The impact of meat on the environment goes far beyond the greenhouse gas emissions too: loss of wild areas to agriculture is the leading cause of the current mass extinction of wildlife, and animal husbandry worldwide leads to environmental degradation through over-grazing, eutrophication, excess water usage and deforestation.

Luckily, in the west we are incredibly lucky to have alternative options to meat and dairy. Substitutes such as tofu and quorn are far less damaging than meat, and are being created to satisfy even the most avid meat lover. Giving up all meat and dairy is the ideal, but even without giving it up entirely it is possible to make a difference. Red meat is the worst culprit, so should be the first to go, followed by lamb and crustaceans (things like crab, prawn, shrimp etc.). It’s easy to make a difference when you make small changes everyday, like choosing vegetarian meals and only having white meat twice a week. The world will thank you and so will your body.

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An interesting graphic to show the impact (in terms of greenhouse gases) our food has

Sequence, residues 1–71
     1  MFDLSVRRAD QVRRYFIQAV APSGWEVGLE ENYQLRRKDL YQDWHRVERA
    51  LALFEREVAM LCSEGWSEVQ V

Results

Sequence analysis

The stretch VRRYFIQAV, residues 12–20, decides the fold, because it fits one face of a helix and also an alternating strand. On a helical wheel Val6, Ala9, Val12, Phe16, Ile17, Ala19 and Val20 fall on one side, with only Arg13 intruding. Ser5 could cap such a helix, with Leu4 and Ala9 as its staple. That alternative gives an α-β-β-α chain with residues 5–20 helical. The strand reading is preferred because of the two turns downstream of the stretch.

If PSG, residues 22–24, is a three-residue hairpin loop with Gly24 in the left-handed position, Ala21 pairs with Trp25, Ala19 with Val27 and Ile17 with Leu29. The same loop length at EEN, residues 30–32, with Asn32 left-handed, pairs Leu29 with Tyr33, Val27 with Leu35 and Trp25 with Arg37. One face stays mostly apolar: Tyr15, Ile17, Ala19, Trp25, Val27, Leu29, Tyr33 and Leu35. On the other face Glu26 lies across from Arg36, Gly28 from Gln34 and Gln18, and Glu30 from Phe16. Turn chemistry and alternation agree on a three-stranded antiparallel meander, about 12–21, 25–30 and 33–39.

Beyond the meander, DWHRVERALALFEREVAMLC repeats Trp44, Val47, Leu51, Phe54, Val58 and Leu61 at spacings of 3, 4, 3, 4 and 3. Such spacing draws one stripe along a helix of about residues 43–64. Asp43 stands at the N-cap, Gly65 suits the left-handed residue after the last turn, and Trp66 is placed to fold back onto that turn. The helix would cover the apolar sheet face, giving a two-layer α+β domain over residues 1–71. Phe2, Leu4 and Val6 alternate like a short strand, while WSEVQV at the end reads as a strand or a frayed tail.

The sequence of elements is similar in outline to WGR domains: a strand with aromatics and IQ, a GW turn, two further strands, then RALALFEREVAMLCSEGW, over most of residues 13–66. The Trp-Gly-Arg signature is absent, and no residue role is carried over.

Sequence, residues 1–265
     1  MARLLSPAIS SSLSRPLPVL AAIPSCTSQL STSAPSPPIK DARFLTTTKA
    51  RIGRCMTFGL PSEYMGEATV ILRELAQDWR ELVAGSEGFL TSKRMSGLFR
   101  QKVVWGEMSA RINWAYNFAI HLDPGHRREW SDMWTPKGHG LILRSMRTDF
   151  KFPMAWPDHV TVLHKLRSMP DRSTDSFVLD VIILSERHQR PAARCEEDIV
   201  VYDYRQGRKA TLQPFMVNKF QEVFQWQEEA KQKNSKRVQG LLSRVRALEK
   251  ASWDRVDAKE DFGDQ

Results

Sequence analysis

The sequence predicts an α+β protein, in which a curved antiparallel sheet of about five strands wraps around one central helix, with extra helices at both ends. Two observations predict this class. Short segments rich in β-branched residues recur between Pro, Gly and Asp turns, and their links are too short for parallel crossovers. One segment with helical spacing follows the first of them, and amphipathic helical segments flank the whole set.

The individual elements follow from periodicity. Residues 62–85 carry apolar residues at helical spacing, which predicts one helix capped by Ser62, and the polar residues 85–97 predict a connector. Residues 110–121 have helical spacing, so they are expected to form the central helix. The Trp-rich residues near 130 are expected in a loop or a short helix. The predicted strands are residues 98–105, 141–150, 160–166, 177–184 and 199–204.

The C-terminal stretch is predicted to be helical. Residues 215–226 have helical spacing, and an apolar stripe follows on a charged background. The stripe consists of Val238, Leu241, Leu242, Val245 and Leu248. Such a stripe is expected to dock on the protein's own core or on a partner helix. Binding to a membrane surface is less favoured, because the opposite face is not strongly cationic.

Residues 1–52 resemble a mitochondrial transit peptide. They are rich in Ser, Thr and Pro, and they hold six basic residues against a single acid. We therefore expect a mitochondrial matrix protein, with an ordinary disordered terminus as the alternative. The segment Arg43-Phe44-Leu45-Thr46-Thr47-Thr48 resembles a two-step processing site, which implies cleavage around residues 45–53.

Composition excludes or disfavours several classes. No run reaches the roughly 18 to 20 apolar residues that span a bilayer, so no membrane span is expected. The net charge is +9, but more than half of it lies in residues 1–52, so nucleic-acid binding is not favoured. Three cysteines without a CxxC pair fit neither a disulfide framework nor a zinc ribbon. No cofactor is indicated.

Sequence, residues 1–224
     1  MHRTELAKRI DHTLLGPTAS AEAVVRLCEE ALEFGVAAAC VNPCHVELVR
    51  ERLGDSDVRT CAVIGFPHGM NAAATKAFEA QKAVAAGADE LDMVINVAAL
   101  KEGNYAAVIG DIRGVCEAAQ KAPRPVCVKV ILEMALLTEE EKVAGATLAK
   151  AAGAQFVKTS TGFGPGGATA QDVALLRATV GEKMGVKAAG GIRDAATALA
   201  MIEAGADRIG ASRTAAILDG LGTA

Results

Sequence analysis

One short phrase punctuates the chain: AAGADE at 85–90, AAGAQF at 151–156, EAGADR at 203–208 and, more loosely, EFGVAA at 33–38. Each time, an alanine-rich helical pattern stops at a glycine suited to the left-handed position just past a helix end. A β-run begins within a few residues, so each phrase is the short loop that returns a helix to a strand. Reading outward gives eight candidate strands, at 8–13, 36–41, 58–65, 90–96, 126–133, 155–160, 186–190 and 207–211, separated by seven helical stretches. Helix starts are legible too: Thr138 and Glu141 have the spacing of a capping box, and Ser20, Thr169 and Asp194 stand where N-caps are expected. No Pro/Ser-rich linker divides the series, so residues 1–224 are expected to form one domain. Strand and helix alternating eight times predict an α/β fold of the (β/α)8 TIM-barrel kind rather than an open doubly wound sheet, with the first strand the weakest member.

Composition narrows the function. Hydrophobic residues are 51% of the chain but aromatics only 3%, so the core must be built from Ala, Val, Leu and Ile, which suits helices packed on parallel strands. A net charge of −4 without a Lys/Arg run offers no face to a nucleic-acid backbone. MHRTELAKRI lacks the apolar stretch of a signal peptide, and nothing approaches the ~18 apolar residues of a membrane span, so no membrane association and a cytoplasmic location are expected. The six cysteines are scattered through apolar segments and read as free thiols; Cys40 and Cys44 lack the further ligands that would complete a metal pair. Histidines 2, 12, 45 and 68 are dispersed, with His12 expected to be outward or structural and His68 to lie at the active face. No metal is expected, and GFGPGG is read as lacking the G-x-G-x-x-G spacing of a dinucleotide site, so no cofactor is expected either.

Use less plastic

An obvious but important one. In 2018 the European Parliament voted for a complete banon a range of single-use plastics, such as straws, plastic bags and cotton buds. The move was aimed at reducing our impact on our oceans, and targeted plastic products that have either reusable of non-plastic alternatives.

An estimated 8 million tonnes of plastic enter the world’s oceans annually. Since they don’t break down, this is becoming a huge issue in our oceans globally. 8 million tonnes is hard to imagine, so picture this: there is expected to be more plastic than fish in our oceans by 2050. Wow.

So what can you do? Read this post on how to reduce your plastic consumption, including alternatives for some of the worst offenders.

Examples include always keeping a coffee cup in your bag instead of using takeaway cups, and paying attention to the makeup products you use, since many made overseas (outside the UK) contain microplastics. Giving up fish could also have a knock-on effect on your plastic consumption, since 27% of all plastics found on beaches are washed up fishing gear. Less fish consumption = less fish caught = happier oceans with less plastic in. It’s all about awareness, so being away of the impact of your actions is the first step. The next step is doing something about it!